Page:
Janet Cardiff and
George Bures Miller:
The Paradise Institute
In addition to their solo art practices, Janet Cardiff and George Bures Miller have collaborated on a number of projects that investigate perception and immersive environments. The Paradise Institute is one of their most ambitious and complex works to date, exploring the psychological effects of cinema.
From the outside, the installation’s plywood structure looks plain and unassuming. Inside, however, visitors enter what appears to be a large 1930s-style movie house, complete with plush velvet seating. Seventeen viewers can be seated for each 13-minute screening, with individual sets of headphones that transmit unnerving directional sounds. This highly convincing audio component aims to trigger emotional and physical reactions, which in turn affect visual perception. On screen, a dark and mysterious narrative develops and begins to blend with events taking place in the theatre, building into a dramatic crescendo.
By immersing viewers in a simulated environment, Cardiff and Bures Miller engage both the tradition of realistic trompe l’oeil (“to fool the eye”) painting, and more contemporary illusionistic technologies such as virtual reality. How do we separate our lived experiences and memories from those we absorb from images? Is the boundary between reality and entertainment more flexible than we think? Though it has been over a decade since The Paradise Institute was first exhibited at the Venice Biennale in 2001, in many ways the work is more relevant than ever, as an increasingly screen-based culture draws people deeper into a fragmented, media-saturated existence.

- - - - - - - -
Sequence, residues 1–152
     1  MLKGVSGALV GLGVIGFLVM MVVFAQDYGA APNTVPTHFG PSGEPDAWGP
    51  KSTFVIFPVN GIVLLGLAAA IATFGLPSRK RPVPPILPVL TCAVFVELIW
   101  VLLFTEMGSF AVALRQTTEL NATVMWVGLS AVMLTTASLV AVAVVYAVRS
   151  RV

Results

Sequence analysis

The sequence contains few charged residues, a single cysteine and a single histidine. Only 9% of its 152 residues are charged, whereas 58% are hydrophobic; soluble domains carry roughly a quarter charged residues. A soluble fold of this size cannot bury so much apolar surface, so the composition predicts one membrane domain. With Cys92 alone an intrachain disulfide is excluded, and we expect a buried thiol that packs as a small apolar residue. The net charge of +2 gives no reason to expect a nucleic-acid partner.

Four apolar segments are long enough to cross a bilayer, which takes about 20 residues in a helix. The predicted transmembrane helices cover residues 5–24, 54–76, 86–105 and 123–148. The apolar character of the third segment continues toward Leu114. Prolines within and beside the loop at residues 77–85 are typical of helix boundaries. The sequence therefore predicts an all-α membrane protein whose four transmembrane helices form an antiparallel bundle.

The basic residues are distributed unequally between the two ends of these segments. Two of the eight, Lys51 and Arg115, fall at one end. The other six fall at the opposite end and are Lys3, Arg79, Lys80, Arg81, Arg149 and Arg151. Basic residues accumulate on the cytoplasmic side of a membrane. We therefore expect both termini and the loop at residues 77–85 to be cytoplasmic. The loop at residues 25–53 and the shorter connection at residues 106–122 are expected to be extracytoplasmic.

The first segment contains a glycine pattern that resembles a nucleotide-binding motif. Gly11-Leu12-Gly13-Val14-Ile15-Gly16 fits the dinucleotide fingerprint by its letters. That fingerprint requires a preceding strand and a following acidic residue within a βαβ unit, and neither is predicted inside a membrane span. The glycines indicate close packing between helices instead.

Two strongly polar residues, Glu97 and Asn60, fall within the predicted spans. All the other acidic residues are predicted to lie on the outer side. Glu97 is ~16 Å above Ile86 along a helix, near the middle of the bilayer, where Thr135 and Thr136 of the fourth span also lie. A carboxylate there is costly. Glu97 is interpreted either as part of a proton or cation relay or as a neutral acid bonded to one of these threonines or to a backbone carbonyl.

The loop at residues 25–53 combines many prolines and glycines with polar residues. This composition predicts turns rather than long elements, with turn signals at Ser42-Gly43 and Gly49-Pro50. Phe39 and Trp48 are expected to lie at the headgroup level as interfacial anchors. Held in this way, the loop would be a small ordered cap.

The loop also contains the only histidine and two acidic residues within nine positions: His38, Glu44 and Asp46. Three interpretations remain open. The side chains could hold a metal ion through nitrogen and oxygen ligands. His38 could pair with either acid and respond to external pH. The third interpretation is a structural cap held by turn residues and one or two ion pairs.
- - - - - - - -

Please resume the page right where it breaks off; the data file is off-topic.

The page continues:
Janet Cardiff (1957, Brussels, Canada) and George Bures Miller (1960, Vegreville, Canada) live and work together in Berlin and Grindrod, Canada. They have been collaborating on multi-media projects since the early 1990s. Solo exhibitions of their work have been held at the National Gallery of Canada, Ottawa; Carnegie Museum of Art, Pittsburgh; and Whitechapel Art Gallery, London. In 2001 they represented Canada at the 49th Venice Biennale, winning the Golden Lion Award for The Paradise Institute.
This exhibition is funded by Leadership Circle gifts supporting inaugural year programs and exhibitions.